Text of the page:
Jessica has covered this issue at our End Homelessness blog, pointing out that living situations aren't exactly what drive crime. Though reforms to address this issue are pending in Florida, for the moment, counties still operate under their own authority. Accordingly, Miami-Dade is continuing to close doors on former sex offenders who are trying to turn their lives around. For example, one man, [name withheld], recently had his house foreclosed and was subsequently barred from living on the same block because he was no longer grandfathered out of the 2,500-foot rule.

This kind of red tape for sex offenders doesn't prevent crime — all it does create uncertainty and difficultly for people when what they need is help leading productive, safe lives.

To make matters worse, California is now following in Florida's footsteps. Not content to simply push restrictive laws that drive sex offenders to congregate in the few neighborhoods in which they're actually allowed to live, the state is considering new restrictions to strictly regulate the number of parolees who can live in a given neighborhood.
- I think it's the other way around. California has been playing the sex offender shuffle for many years now.

But make no mistake: We can't ask former sex offenders to become productive members of society if we insist on driving them to the far fringes.


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ME - A False Sense of Security

Original Article

08/16/2010

The Bangor City Council will soon consider an ordinance forbidding sex offenders from living within 750 feet of a playground or school. While such an ordinance may make councilors feel as though they are protecting children and families, there is little evidence that this is true. In fact, research has shown that such restrictions often force sex offenders to hide their whereabouts or live on the street. In both instances, there is less oversight.

Worse, such restrictions may be unconstitutional.

That, however, didn’t stop the Maine Legislature from passing a law last year allowing communities to enact such restrictions when the victim was under 14 years old. The law has the benefit of not being retroactive, but the state’s attorney general was not asked to assess whether it was constitutional. Around the country, some residency restrictions have been upheld, while others have been struck down.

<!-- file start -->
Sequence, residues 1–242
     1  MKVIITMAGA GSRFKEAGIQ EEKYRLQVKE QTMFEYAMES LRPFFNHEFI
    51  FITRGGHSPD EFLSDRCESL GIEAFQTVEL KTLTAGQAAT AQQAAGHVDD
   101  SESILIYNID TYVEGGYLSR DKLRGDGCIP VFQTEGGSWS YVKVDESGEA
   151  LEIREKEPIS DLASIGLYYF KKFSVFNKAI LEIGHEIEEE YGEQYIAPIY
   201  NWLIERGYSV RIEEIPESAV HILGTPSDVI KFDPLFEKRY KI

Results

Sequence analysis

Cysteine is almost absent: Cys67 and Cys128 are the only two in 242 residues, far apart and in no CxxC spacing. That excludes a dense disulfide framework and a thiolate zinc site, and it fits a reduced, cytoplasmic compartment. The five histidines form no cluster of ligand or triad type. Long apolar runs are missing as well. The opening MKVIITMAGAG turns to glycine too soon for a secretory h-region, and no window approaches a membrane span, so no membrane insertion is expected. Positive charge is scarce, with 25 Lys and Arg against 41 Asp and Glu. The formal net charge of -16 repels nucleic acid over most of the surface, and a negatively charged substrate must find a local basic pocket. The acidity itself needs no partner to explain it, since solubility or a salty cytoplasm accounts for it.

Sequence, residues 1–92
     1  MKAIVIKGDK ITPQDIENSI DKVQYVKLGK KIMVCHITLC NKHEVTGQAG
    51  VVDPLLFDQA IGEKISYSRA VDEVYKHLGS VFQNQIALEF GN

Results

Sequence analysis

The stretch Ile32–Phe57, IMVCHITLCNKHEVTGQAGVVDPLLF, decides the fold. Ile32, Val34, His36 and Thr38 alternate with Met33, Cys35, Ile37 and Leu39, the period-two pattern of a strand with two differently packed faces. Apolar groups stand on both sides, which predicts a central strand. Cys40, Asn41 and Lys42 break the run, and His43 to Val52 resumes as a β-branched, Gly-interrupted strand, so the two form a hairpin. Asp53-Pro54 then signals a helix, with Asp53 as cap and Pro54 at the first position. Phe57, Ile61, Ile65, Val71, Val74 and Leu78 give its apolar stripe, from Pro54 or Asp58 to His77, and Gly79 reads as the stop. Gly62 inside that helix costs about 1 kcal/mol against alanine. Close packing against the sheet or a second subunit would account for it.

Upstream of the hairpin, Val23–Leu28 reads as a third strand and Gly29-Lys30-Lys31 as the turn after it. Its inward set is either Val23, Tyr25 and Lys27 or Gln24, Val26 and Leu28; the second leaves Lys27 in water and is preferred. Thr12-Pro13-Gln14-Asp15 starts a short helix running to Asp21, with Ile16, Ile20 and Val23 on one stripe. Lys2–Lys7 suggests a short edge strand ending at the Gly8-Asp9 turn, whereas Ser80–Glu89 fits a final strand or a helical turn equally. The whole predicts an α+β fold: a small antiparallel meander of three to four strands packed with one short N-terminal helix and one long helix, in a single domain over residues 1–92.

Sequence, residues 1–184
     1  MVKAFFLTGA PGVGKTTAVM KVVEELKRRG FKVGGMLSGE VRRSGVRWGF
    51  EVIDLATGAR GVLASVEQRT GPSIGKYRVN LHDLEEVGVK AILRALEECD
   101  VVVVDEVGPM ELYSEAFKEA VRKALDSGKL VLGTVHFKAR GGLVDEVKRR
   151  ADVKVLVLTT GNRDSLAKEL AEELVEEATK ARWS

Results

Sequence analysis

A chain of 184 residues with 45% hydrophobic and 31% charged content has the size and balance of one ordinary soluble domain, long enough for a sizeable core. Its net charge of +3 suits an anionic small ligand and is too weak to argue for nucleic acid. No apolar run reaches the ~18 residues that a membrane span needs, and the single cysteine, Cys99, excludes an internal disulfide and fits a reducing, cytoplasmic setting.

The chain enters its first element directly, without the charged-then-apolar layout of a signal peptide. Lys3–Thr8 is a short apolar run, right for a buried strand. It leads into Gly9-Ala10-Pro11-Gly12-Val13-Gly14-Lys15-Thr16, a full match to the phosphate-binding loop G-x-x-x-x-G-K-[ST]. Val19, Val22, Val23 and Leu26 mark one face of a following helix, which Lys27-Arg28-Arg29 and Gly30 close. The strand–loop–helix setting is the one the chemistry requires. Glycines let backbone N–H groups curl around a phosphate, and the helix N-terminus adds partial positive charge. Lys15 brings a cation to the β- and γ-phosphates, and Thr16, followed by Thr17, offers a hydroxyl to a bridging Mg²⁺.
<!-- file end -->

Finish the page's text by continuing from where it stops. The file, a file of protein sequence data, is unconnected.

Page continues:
Aside from the legal concerns, there is no evidence that such restrictions are effective. The majority of sex crimes are committed by people — often family members — who know their victims.

At best they are ineffective,” Rep. Gary Plummer, R-Windham, said during a May 2009 debate on the legislation. “They give a false sense of security. They force people to go underground and, in my mind, there are more negatives than there are positives.”

Rep. Anne Haskell, D-Portland, said the worst outcome would be for the local ordinances to force sex offenders to move into rural areas far from the jobs, transportation networks and services they need to live healthful lives post-conviction.

The Maine Municipal Association advocated for residency restrictions as a means of local control. Portland rejected such restrictions in June.

Bangor was asked to consider such a move by a resident concerned about the safety of her five children. About 200 registered sex offenders are living in the city. The city’s government operations committee voted 2-1 last week to pass the proposed ordinance to the full council.

As drafted, the proposed ordinance would put about one-third of the city off-limits to those convicted of sex offenses against children under 14. The restrictions would apply only to those convicted in the future so that sex offenders now living within 750 feet of a school or playground would not be forced to move.

A better approach would be to classify sex offenders by the severity of their crime. Those in the top tier should face tough restrictions as part of their sentencing with fewer requirements for low-level offenders. Someone who had sex with an underage girlfriend (this was the case with one of the men killed in 2006 by a vigilante who found his name on the state’s sex offender registry) should not be treated the same as a serial child rapist.

In addition, if lawmakers wanted to place further restrictions on some sex offenders, they could write a law to include such considerations in sentencing and probation guidelines. This would leave punishment in the hands of the judicial system where it belongs.


TX - Grandma Accused of Prostituting Girl

Like we and many others have said over and over, most kids are sexually abused, or abused, by their own family or relatives, and this is yet another example of that.